Solar wind as a natural laboratory for study of turbulence

Advisor: Alexander Pitňa and Jana Šafránková (DSPS FMF CUNI)

Funding: Fully funded (Supported by the grant of the advisors and by the DSPS).



The solar wind is a weakly collisional plasma that is in a turbulent state and thus it represents a unique laboratory for study of turbulence in astrophysical plasmas. The results of solar wind studies can be scaled to diverse environments ranging from interstellar medium through plasmas in industrial applications up to controlled nuclear fusion in tokamaks. In-situ spacecraft observations have revealed that the solar wind as a magnetized plasma is characterized by a very broad electromagnetic power spectrum that includes time scales from several hours to about 0.01 s. Under the assumption of the Taylor hypothesis, it corresponds to a wide range of spatial scales. At time scales larger than the ion-gyroscale (i.e., in the inertial range), the power spectral density follows a power law decay −5/3 [1], at smaller time scales, where the ion physics becomes dominant, a second, steeper spectral range has been found [2].

In our group, investigations of solar wind turbulence from inertial to kinetic scales are facilitated by the high-time resolution data from the Bright Monitor of the Solar Wind (BMSW) instrument [3] that was developed at the faculty and that successfully operated in the solar wind from August 2011 to 2019. Using this and many spacecraft operating at various regions of the interplanetary space in past, at present and in a near future (Helios 1, Helios 2, Voyager, Wind, ACE, SOHO, Parker Solar Probe, Solar Orbiter, Bepi Colombo), the project addresses all scales accessible by the data series ranging from the solar cycle through the MHD scale up to ion dissipation range with motivation to clarify the understanding of the processes of dissipation (or dispersion) of turbulent energy that are still under debate. Clarification of these topics could solve the open problem of solar wind heating during its expansion through the heliosphere.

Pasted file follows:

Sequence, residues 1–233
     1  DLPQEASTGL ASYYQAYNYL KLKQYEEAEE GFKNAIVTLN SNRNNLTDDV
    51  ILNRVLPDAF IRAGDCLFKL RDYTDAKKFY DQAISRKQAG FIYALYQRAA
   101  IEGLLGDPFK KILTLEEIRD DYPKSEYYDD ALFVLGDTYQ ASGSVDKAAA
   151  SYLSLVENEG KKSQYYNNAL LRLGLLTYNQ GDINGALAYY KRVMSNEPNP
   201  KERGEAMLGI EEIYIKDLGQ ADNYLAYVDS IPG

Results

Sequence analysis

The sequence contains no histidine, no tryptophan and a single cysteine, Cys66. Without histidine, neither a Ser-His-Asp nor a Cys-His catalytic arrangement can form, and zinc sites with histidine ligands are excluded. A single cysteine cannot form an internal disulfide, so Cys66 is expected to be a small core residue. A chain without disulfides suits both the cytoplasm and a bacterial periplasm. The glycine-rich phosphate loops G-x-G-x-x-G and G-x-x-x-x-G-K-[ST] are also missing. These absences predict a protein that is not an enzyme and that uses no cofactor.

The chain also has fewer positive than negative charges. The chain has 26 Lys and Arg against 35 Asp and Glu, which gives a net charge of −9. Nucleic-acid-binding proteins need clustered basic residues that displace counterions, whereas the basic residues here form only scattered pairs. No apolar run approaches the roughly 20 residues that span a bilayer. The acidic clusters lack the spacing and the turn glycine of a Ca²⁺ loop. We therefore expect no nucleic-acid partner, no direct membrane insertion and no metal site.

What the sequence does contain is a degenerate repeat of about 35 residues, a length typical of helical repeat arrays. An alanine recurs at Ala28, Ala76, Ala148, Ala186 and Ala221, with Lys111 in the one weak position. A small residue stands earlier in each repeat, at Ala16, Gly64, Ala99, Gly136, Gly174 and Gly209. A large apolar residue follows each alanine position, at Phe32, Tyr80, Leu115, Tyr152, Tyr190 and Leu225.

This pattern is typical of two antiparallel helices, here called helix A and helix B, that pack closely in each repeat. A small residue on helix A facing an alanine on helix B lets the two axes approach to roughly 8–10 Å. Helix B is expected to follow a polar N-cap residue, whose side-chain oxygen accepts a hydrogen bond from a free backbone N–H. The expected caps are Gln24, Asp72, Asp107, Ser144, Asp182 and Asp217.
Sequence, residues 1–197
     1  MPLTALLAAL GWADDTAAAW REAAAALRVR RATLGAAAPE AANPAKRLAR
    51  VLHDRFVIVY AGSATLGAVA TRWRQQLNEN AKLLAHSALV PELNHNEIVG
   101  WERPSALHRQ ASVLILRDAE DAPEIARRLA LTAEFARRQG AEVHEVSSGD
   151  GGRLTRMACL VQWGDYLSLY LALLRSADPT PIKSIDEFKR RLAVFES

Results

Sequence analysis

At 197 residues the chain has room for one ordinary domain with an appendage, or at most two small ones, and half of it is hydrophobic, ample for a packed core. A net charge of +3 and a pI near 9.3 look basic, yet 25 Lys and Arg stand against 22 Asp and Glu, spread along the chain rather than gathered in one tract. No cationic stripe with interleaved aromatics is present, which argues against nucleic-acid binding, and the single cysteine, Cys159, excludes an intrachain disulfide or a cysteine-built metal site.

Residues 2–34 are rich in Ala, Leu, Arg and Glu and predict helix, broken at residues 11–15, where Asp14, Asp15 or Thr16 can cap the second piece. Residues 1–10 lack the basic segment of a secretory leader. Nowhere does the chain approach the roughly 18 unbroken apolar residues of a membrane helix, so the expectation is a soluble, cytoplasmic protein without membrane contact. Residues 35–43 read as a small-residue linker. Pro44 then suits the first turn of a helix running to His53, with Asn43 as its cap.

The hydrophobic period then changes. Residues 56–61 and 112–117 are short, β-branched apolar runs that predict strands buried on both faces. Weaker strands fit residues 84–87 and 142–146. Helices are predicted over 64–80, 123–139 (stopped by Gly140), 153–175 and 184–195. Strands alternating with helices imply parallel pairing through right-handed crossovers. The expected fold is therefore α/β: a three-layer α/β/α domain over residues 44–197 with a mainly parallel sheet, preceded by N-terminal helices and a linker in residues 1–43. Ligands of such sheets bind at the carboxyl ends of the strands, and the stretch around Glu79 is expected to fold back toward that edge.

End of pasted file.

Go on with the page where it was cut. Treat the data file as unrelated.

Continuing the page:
Turbulence in the solar wind is mainly Alfvenic and thus incompressible. In the inertial range, the compressive energy constitutes 10% or less of the total turbulent energy and consists of slow-wave-like fluctuations, with a negligible contribution from fast waves [4] but the compressive portion increases in the kinetic range due to the excitation of kinetic modes [5]. In detail, we will focus on an evolution of turbulence in the solar wind on different scales in both the low- and high latitudinal solar wind streams and at the various distances from the Sun. We will address also turbulent processes in other regions, as the Earth’s foreshock or magnetosheath where they play a significant role in transport of the solar wind mass and energy into the magnetosphere.


[1] Matthaeus, W H; and Goldstein, M L, Measurement of the rugged invariants of magneto-hydrodynamic turbulence in the solar-wind, J. Geophys. Res., 87: 6011-6028, 1982.
[2] Leamon, R J; Smith, C W; Ness, N F; Matthaeus, W H, and Wong, H K, Observational constraints on the dynamics of the interplanetary magnetic field dissipation range, J. Geophys. Res., 103: 4775--4787, 1998.
[3] Safrankova, J; Nemecek, Z; Prech, L; Zastenker, G; Cermak, I; et al., Fast Solar Wind Monitor (BMSW): Description and first results, Space Sci. Rev., 175 (1-4): 165–182, 2013.
[4] Howes, G G; Bale, S D; Klein, K G; Chen, C H K; Salem, C S; and TenBarge, J M, The slow-mode nature of compressible wave power in solar wind turbulence, Astrophys. J. Lett., 753 (1): Art. No. L19, 2012.
[5] Safrankova, J; Nemecek, Z; Nemec, F; Verscharen, D; Chen, CHK; Durovcova, T; Riazantseva, MO, Scale-dependent polarization of solar wind velocity fluctuations at the inertial and kinetic scales, Astrophys. J., 870 (1): Art. No. 40, 2019.